One word that that tends to rise to the surface in conversation about Seattle is “authenticity.” In exploring the city’s creativity and entrepreneurial spirit, The Drum’s documentary in its Creative Cities Seattle feature, in partnership with Visit Seattle, found that authenticity isn’t just a buzzword in the Emerald City, but a genuine way of life.
“We tend to be a little bit more authentic because we want to be our own selves,” says Kevin Wick, executive creative director at Smashing Ideas. “We want to do things that we’re really interested in.”
Indeed, those we encountered during our journey in Seattle point to its unique individuality that builds a collective spirit and forges the city's way of life. Even large, global companies like Amazon, Starbucks, Microsoft and Boeing have come from a foundation that is representative and respectful of doing things differently.
“Seattle has its own style, especially when it comes to the technology community,” says John Cook, co-founder of GeekWire. “[It’s] really proud of that history and the types of organizations that have grown up here.”
Adds Danielle Hawley, chief creative officer, Americas at Possible: “Everywhere you look, people have disrupted the status quo, [like] Howard Schultz, Bill Gates [and] Jeff Bezos."
That authenticity is manifested in the influence Seattle has imparted to the rest of the world. Whether through music, the arts, philanthropy, medical research, the progressive nature of the area is infectious and points to its desire to make a continual contribution well outside its borders.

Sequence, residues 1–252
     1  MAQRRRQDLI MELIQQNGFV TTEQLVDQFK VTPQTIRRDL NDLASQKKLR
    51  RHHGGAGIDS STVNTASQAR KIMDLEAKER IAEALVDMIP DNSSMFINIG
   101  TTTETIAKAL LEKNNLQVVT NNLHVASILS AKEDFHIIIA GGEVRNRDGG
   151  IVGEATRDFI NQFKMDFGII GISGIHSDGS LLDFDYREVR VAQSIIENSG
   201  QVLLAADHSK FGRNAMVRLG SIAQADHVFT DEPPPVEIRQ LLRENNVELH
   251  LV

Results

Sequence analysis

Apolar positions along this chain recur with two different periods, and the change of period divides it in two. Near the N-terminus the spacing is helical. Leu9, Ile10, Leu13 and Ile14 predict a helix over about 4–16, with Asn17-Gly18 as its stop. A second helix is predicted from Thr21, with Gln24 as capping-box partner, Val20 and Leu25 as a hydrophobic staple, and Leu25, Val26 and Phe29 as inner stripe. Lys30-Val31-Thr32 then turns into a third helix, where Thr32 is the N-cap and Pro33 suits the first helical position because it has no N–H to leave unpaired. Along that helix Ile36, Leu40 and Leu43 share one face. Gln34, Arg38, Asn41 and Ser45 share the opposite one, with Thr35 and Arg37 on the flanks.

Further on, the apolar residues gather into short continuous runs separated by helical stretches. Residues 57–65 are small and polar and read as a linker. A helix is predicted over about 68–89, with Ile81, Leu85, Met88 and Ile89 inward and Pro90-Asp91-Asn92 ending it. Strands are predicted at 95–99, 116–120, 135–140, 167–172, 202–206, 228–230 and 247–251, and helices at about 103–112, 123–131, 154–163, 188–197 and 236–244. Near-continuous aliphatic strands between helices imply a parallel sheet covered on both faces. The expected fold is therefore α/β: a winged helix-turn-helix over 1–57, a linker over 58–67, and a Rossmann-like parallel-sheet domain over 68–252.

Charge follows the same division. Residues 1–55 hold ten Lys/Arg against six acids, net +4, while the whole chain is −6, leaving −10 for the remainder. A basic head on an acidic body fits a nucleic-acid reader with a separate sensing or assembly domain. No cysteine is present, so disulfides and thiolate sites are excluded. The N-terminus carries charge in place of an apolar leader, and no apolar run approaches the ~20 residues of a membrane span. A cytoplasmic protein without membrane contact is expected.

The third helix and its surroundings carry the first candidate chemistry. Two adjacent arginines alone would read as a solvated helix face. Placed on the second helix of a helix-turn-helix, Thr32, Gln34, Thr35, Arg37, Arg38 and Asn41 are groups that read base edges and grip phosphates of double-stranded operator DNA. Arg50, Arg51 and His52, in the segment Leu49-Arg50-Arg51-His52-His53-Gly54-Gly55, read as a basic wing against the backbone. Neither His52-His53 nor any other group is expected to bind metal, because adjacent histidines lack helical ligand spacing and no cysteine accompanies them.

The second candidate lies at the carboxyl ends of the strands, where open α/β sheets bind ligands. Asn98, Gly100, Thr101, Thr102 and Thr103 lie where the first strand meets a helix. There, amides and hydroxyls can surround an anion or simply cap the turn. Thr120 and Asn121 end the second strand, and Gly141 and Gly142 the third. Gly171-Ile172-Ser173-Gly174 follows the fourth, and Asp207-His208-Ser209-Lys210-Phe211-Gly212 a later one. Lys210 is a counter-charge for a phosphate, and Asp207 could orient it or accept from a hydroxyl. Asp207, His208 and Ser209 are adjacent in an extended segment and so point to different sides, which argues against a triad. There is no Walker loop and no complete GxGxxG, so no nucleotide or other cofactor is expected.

“The shining leader of the world is the Bill and Melinda Gates Foundation,” notes Bob Donegan, president of Ivar’s, an iconic Seattle seafood restaurant brand.
“Seattle is the place where science and art come together to create a very unique environment,” adds music artist Aryon Jones. “[It’s] a very unique culture, not just for the Puget Sound or this region, but the world.”
In a region known for a laid back vibe, Kathleen Hall, corporate vice president of brand, advertising and research at Microsoft, believes that the mix of the city's sensibility and its major influence on the global stage is interesting.
“I think there's this weird combination of sort of casual intensity where the lifestyle and the dress and the appearance of everything is very casual and laid back,” she says. “But the scope and scale and intensity and impact of the work is still really big.”
The city is on the precipice of becoming one of the world’s most fascinating global cities, and its dedication to its ethos, combined with one of the most beautiful settings and its progressiveness, is a magnet for talent that values a different way of life and the collective spirit that Seattle is known for.
“We have this rich talent pool,” says Sarah Gavin, vice president of global communications at Expedia. “While we may compete for talent between the companies, everybody in Seattle recognizes that when one company wins, we all win.”
Britt Fero, principal at creative agency PB& adds: “I think Seattle's progressiveness attracts great talent because it is a city for people who want to play by different rules. I always tell people that we're recruiting here that this is a place you can come and make history.”
“If you look at a Boeing Aircraft, the thousands of planes in the air, Starbucks around the world, Windows through Microsoft everywhere, or Amazon, you name it, you keep going, every day around the world in every country there's a little piece of Seattle, says Tom Norwalk, president and chief executive officer of Visit Seattle.